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The Write Time: Crafting Linear, Parallel, and Non-Linear Timelines in Fiction



Most books are written with a linear timeline. It’s easiest for the reader to follow, and the easiest to write. I think parallel is the next as far as difficulty goes. And non-chronological is the hardest because you need to withhold and reveal information in more strategic places.


Each approach offers unique opportunities and challenges, but all are enjoyable for the reader when done well.


A linear timeline is what readers are used to. Cause and effect are shown mostly in chronological order.


Parallel timelines work well for showing two characters and how they view and react to similar events, and the reader is let in on multiple characters’ motivations.


Non-linear can create more suspense and can involve changing the reader’s mind about characters. For example, a character could commit a heinous crime and the reader will most likely not approve of the character’s actions, but when the events leading up to the crime are shown, readers may be more sympathetic to their actions.



Let’s take a look at the challenges and opportunities these timeline structures provide.


Linear Timeline


A linear timeline follows a straightforward chronological order, where events progress sequentially.


While writing a linear timeline, you need to ensure your story is engaging and use dialogue, the characters’ actions, flashbacks, and backstory to let your readers in on character motivations.


Establish clear cause-and-effect relationships.


Ensure that each event leads logically to the next, creating a sense of coherence and progression.


Develop strong story arcs.


Introduce conflicts, challenges, and resolutions and keep raising the stakes and consequences.


Utilize pacing.


While pacing needs to be varied, slower for moments of refection and planning and fast for action, it’s most important in a linear timeline to make your reader want to know how a character gets out of a situation or finds out the truth. The cliffhangers need to be impactful for creating tension and suspense.

Use flashbacks selectively.


While the timeline is linear, you can enhance the narrative by occasionally including well-placed flashbacks to provide context or add depth to characters and their motivations.


Reveal backstory using varied techniques.


Flashbacks achieve this well, but there are different ways of revealing a character’s backstory, including dialogue, narrative, and actions. Through what a character says or what others say to them, indications of a character’s history can be told to the reader. How they act in certain situations can show how their previous experiences still affect them.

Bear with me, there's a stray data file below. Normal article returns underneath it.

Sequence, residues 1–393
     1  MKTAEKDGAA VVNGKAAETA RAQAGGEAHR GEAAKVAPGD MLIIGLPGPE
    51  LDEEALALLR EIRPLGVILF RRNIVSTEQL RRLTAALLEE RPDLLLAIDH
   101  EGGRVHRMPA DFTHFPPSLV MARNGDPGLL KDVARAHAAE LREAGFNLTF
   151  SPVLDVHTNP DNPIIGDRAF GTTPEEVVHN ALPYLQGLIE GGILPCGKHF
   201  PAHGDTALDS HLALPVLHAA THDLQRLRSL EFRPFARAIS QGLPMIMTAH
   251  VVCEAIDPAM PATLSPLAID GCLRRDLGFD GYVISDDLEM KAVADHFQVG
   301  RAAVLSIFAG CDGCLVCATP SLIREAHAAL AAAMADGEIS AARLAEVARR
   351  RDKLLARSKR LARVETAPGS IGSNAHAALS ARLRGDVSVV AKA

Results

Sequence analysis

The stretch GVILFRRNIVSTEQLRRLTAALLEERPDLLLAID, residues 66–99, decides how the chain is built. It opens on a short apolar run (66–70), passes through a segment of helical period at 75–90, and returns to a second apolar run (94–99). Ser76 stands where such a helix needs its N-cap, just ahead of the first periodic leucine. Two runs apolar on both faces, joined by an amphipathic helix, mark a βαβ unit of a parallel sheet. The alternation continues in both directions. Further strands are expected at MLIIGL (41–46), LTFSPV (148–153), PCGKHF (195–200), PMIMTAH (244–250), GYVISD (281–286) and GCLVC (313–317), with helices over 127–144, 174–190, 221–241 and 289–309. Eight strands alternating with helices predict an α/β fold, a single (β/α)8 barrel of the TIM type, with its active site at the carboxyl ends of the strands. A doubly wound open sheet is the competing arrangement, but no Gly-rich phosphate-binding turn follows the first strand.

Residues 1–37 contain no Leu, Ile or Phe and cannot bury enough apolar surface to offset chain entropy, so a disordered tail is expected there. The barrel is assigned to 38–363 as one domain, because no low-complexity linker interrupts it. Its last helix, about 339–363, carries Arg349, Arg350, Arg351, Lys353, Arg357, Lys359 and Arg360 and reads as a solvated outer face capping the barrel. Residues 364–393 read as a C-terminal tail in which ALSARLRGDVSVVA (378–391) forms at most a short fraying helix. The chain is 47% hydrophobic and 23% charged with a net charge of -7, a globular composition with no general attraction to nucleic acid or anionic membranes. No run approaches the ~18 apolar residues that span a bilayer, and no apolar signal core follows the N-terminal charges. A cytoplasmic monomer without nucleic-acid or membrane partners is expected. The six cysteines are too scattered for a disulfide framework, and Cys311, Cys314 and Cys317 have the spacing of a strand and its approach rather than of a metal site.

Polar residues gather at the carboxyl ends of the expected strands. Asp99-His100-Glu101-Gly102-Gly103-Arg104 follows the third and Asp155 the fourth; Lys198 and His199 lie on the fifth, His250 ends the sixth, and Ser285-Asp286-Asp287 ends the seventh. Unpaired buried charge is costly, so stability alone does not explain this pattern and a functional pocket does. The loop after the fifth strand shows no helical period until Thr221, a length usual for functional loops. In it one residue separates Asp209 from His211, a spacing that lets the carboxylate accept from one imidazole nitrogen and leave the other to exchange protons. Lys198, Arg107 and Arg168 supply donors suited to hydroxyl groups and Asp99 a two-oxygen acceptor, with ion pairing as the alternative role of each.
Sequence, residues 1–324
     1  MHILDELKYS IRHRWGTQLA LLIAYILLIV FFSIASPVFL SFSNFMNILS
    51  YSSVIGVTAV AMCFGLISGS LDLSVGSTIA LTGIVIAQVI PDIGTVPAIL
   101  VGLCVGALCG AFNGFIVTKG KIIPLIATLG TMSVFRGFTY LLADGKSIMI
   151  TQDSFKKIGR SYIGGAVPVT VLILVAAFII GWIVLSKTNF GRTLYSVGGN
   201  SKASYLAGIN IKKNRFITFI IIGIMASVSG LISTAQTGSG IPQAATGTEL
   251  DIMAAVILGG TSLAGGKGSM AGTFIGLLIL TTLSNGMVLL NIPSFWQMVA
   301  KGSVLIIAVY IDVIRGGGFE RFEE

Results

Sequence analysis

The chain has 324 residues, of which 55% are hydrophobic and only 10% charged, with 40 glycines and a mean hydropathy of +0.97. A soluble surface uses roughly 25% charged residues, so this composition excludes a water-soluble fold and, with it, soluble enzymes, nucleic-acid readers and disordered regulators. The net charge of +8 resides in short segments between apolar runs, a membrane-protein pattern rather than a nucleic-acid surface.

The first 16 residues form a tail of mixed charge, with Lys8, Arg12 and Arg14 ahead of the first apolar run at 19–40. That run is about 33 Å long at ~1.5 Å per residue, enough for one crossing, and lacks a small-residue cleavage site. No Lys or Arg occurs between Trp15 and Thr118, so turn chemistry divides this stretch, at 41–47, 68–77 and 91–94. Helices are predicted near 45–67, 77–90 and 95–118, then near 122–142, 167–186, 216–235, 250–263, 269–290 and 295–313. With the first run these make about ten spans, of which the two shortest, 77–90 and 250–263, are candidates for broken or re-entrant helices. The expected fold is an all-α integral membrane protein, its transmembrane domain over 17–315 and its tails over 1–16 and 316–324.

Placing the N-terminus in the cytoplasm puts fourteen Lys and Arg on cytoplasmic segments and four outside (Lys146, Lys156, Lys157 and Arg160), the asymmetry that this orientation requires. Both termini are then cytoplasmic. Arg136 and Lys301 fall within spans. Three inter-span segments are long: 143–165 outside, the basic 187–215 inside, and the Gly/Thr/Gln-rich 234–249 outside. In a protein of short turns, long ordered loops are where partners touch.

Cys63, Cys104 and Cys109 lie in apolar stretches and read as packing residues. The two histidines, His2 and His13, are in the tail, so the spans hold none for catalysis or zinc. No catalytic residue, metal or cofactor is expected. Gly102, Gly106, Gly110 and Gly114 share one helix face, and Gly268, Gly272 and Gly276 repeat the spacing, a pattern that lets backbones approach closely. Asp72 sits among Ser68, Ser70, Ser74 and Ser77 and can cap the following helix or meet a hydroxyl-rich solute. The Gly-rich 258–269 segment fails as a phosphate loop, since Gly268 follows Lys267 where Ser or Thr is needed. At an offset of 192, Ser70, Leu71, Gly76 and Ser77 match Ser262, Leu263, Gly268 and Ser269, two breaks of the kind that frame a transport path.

Using the narrator to explain backstory is a bit tricky as their reveals should be limited to a line or two, not a paragraph or more. Paragraphs may bore and overwhelm your reader, and the risks are them skipping over large sections of your novel and not knowing what is important for them to remember.


Parallel Timeline


A parallel timeline features multiple interconnected storylines that occur either simultaneously or one in the present and one in the past, and may involve different characters, settings, or perspectives. Both storylines must relate to the present and directly impact the resolution and character growth.


Writing this timeline structure is fun for many authors and gives them the opportunity to reveal what is going on at the same time for different characters or showing how previous events affect the future.


Establish clear connections.


Ensure that the parallel storylines have some thematic or narrative linkages. This could be shared themes, similar conflicts, or overlapping characters.


Balance the timelines.


Give each storyline adequate attention and development. Imbalances may cause readers to favor one over the others and make them think the only reason for an alternate timeline is to provide backstory.


• Create suspense and tension.


More cliffhangers and strategic reveals will need to be used to build anticipation and keep readers invested in each timeline.


Make Timelines Converge.


Not all novels’ timelines or storylines will converge, but if they are concurrent, you may want to consider bringing the characters together at a certain point or points can be impactful and provide opportunities for character connection, tension, and resolution.


Non-chronological Timeline


This timeline presents events in an out-of-order sequence, requiring readers to piece the story together. When employing this approach, keep the following in mind.


Provide clear signposts.


Use chapter titles, dates, or other indicators to help readers navigate the non-linear structure and understand where each event fits in the overall narrative.


Develop compelling transitions.


Smoothly transition between different time periods, ensuring that the shifts feel organic and purposeful.


Reveal information strategically.


Withhold or reveal information at specific points to create suspense, surprise, or enhance the reader's understanding of the story. Readers can be more engaged as they piece the puzzle together.


Maintain coherence.


Although events may be presented out of order, make sure there is a coherent underlying structure or theme that ties everything together.



Regardless of the timeline structure you choose, it's crucial to consider readability, clarity, and the impact on the reader's experience.


Experiment with different approaches, revise diligently, and seek feedback to refine your storytelling skills.


If you need more guidance, schedule a consultation with me.


Happy writing!



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